Last updated: September 23, 2008 11:59 pm

Gates defends operations inside Pakistan

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Robert Gates, US defence secretary, on Tuesday suggested that the US was justified under international law in conducting unilateral military operations inside Pakistan to protect American troops.

The US has recently stepped up drone-fired missile attacks in Pakistan and US commandoes have conducted a covert operation inside Pakistan to combat extremists attacks against US forces inside Afghanistan.

Mr Gates said Pakistan probably did not agree that international law permitted unilateral action, but he said the Pentagon had an obligation to protect US troops.

“The authorities we have been granted were carefully coordinated over a protracted period of time in the interagency,” said Mr Gates. “I would simply assume that…appropriate international law was consulted by the State department”.

Mr Gates was responding to Jim Webb, a Democratic senator, who told the defence chief that the United Nations charter – under which the US operates in Afgahnistan – gave the US the right of self defence “where a foreign government is either unable or unwilling to take care of international terrorist activity inside its borders”.

Barack Obama, the Democratic candidate for president, and John McCain, the Republican candidate, have sparred over Pakistan, with Mr Obama suggestion the US should be prepared for unilateral action in some cases.

The Pentagon is developing alternative supply lines to bring military equipment and fuel into Afghanistan after reports that Pakistan blocked an important supply route in protest over US unilateral military action inside Pakistan.

Speaking on Capitol Hill, General James Cartwright, vice-chairman of the joint chiefs, said the Pentagon was testing alternative routes to prepare for a scenario where Pakistan prevented the US military from using supply routes into Afghanistan.

Underscoring the importance of Pakistan, Mr Gates, said the US relied on supply routes through Pakistan for 80 per cent of the cargo, and 40 per cent of the fuel, brought into Afghanistan.

Gen Cartwright told the Senate armed services committee that it would be “challenging to sustain our presence” without Pakistani logistics support.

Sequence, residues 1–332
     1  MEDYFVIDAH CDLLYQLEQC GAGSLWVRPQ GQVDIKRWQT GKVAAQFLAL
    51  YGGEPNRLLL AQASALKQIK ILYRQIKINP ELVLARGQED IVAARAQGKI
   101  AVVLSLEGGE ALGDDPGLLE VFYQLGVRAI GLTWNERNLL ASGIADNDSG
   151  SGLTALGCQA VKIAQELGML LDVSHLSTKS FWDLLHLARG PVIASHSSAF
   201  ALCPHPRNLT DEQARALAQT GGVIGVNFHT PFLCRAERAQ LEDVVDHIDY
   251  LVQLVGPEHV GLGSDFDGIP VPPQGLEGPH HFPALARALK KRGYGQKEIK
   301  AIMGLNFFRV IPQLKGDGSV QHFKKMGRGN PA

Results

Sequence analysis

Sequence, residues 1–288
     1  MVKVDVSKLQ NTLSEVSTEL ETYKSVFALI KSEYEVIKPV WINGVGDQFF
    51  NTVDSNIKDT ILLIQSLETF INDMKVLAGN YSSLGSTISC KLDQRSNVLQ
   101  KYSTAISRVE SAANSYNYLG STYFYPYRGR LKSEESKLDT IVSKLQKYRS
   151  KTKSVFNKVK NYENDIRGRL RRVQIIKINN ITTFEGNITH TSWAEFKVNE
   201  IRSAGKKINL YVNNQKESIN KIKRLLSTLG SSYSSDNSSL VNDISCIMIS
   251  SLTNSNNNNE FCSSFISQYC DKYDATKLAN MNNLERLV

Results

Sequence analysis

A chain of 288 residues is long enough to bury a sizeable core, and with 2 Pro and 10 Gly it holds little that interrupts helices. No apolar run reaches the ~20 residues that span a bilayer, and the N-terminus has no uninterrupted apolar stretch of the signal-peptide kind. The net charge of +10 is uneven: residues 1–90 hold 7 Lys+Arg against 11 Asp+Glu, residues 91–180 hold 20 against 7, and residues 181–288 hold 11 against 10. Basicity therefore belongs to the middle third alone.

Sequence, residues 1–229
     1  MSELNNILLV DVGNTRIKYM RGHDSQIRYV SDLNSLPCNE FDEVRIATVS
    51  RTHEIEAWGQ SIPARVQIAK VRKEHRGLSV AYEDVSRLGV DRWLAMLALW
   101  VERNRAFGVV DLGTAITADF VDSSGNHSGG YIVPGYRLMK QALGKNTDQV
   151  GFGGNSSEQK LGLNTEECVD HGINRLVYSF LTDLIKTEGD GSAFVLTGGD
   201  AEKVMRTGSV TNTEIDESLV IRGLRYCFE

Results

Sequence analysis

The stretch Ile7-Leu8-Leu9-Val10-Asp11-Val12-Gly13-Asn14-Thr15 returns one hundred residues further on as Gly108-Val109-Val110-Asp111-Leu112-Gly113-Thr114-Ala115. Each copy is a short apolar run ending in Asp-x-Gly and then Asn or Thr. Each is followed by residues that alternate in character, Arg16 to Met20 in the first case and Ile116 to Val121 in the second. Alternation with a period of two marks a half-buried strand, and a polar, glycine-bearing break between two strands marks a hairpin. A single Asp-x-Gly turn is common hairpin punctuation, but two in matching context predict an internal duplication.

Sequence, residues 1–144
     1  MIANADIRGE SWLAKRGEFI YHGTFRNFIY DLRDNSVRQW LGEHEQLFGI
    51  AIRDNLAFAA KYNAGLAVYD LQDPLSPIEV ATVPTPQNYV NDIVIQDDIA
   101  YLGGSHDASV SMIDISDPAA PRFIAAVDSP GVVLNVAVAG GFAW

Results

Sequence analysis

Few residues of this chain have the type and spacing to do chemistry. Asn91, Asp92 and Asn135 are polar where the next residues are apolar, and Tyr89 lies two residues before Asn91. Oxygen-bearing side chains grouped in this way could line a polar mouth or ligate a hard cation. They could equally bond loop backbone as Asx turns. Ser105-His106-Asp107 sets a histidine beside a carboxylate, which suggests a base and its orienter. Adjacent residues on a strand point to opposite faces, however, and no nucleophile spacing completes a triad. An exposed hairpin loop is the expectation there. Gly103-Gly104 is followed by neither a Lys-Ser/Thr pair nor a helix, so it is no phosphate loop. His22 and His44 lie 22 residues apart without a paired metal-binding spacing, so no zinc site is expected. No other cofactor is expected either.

Earlier this month, Chaudhry Ahmed Mukhtar, the Pakistani defence minister, reportedly said Pakistan had blocked a fuel supply route because of a US special operations raid inside Pakistan. Officials later said the checkpoint was closed to allow another military operation.

The development of alternative routes also comes after a Russian warning that it might bar Nato aircraft from its airspace because of criticism of its actions in the conflict with Georgia.

The new concerns about Pakistan come as the Bush administration considers revamping its strategy towards Afghanistan, taking greater account of extremists who are launching attacks into Afghanistan from Pakistan. George W. Bush, the US president, has requested the completion of a review within a couple of weeks.

Intelligence and military officials have been warning for more than a year about the ability of Taliban and al-Qaeda extremists to operate in Pakistani tribal areas along the border with Afghanistan.

At least in public, relations between the US and Pakistan have deteriorated in recent weeks following a higher tempo of missile attacks from US drones and the recent commando operation. Some experts have suggested that the US has an agreement with Pakistan to undertake certain operations inside its borders with the understanding that Islamabad will strongly denounce the operations.

Mr Gates on Tuesday denied reports that Pakistani soldiers had shot at US troops and helicopters, saying “there was no evidence”. A Pakistani army spokesman said Pakistani troops had been authorised to fire on US forces inside Pakistan, but later claimed his words were taken out of context.

On Afghanistan, Mr Gates said the US could send the additional 10,000 troops requested by US commanders by spring at the earliest.

He added his “megaphone diplomacy” had prompted Europe to send more troops over the past year, but said he did not expect significant troop increases in the future.

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